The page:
Open Access
BIO Web Conf.
Volume 9, 2017
40th World Congress of Vine and Wine
Article Number 01008
Number of page(s) 5
Section Viticulture
Published online 04 July 2017

© The Authors, published by EDP Sciences 2017

Licence Creative Commons
This is an Open Access article distributed under the terms of the Creative Commons Attribution License 4.0 (

1. Introduction

Brazilian viticulture is in increasingly expanding, always willing to change in order to improve the vineyards, and consequently, obtaining grapes and wines of a higher quality [13].

Brazil presents countless difficulties in producing quality wines, especially those related to environmental factors, such as soil and climate [4]. In addition to it, the production of quality grapes proper for wine production is closely related to the choice of canopies and rootstocks. The interaction of all of these factors, besides directly affecting productivity and some chemical characteristics of the berry, such as pH, soluble solids and titratable acidity, can also affect other important quality parameters such as nutrient absorption, accumulation of phenolic compounds and anthocyanin content [5].

Cultivation of grapes destined to the production of wines and its derivatives comprises around 1,536,100 grapevines and is mainly concentrated in the regions surrounding Sorocaba, which includes the towns of São Roque, Capão Bonito and São Miguel Arcanjo; Campinas, comprising the towns of Serra Negra, Vinhedo, Jundiaí, Itupeva, Itatiba, Jarinu, Jaguariúna and Santo Antoˆnio do Jardim; and Araçatuba, and the towns of Florida Paulista and Lucélia [6].

In the state of São Paulo, the main grapes cultivars proper for wine production are: Seibel-2, Isabel, Bordoˆ, Niagara Branca, Niagara Rosada, IAC 138-22 ‘Máximo’ and Moscatel. We can notice that there has been a slight increase in the farming of grapes, such as Cabernet Sauvignon, Merlot and Syrah, and the highest growth of hybrid cultivars Máximo and Moscatel. However, a good alternative to wine producers is the white grapes cultivars, because the quality of their wines, in addition to not depending on phenolic maturation, accepts higher levels of total acidity. Little to no information is available in literature regarding the behavior of new white grape varieties in different Brazilian regions [7].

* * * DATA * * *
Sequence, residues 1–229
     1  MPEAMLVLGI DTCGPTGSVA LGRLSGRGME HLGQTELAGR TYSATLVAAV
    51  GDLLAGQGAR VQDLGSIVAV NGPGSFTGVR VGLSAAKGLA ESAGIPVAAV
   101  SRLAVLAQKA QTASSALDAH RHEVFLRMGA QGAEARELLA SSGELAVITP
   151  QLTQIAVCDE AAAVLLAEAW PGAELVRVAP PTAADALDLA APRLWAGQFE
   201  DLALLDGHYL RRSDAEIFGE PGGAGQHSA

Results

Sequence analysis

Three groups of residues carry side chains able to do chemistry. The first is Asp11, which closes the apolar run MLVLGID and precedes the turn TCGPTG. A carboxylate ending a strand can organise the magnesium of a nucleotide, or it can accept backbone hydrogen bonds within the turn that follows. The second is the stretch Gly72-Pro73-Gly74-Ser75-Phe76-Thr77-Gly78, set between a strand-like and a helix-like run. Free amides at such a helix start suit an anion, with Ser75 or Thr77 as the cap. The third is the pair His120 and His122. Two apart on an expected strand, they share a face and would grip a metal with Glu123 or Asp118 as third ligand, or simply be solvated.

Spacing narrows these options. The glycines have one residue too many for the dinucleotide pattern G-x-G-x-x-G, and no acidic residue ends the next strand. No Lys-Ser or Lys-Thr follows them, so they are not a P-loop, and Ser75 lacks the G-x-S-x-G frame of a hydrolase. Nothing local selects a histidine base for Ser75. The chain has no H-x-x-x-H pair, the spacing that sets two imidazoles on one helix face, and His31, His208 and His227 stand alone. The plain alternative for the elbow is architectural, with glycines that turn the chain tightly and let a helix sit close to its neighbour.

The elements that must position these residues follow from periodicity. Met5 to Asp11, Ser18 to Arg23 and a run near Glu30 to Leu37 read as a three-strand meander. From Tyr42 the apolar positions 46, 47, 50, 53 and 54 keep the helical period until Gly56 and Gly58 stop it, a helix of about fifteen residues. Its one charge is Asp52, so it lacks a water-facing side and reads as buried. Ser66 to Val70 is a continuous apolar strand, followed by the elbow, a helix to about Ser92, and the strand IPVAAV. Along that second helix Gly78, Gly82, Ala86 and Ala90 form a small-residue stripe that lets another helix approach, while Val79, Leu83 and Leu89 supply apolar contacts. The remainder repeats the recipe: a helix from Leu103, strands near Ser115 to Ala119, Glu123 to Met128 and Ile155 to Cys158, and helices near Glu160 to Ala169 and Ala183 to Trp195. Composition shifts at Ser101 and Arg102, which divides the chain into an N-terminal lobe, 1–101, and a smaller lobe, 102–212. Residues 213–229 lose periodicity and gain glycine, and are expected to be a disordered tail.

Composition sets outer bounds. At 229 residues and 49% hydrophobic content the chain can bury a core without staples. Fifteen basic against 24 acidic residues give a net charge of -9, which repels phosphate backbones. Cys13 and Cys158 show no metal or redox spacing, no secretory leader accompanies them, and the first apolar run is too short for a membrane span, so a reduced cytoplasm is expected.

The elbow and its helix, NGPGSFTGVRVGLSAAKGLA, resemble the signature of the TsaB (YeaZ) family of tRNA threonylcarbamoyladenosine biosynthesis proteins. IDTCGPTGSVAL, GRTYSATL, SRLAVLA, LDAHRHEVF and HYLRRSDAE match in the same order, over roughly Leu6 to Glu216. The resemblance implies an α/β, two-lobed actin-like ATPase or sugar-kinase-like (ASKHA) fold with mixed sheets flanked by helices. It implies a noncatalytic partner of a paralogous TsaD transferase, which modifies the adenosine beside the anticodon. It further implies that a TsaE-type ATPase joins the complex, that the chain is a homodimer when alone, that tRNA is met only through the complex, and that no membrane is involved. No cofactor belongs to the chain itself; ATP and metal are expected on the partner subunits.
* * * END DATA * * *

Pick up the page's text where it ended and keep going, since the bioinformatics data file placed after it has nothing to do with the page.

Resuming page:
During the last years, we verified through grape producers along the region of Jundiaí-SP, that there is a demand for studies regarding cultivars of grapes proper for wine production, since this is an alternative for the verticalization of grape production, allowing the their processing and the elaboration of beverages, thus increasing the production value [8].

With the phenological study of grapevines we aim to describe and correlate the course of events and their variability with climate and other phenotype events for each and every kind, in order to determine the acclimation of the grapevines to the farming region.

The main phenological stages of a grapevine’s vegetative and reproductive cycle are budding, flowering, early maturation and complete maturation (harvest), visually identified when 50% of the buds, flowers and berries reach each event [10].

Determining the physico-chemical properties of wines makes it possible to rate their quality [11]. The berries’ composition at the time of harvest, such as the sugars, acids, tannins, non-oxidizable polyphenols content, their antioxidant capacity, scent, oxidoreductive enzymes and microelements are essential for wine quality. All of these composition factors guarantee the distinctive character, quality and is directly related to the cultivar’s genetic material, cultural techniques adopted in the vineyard and with the viticulture ecosystem itself. Important elements that compose the grape are absorbed by the root system, for that reason, besides cultivar, climate and soil; the rootstock can play an important role in the grape’s composition, determining its quality, as well as the wine’s final quality [5, 12].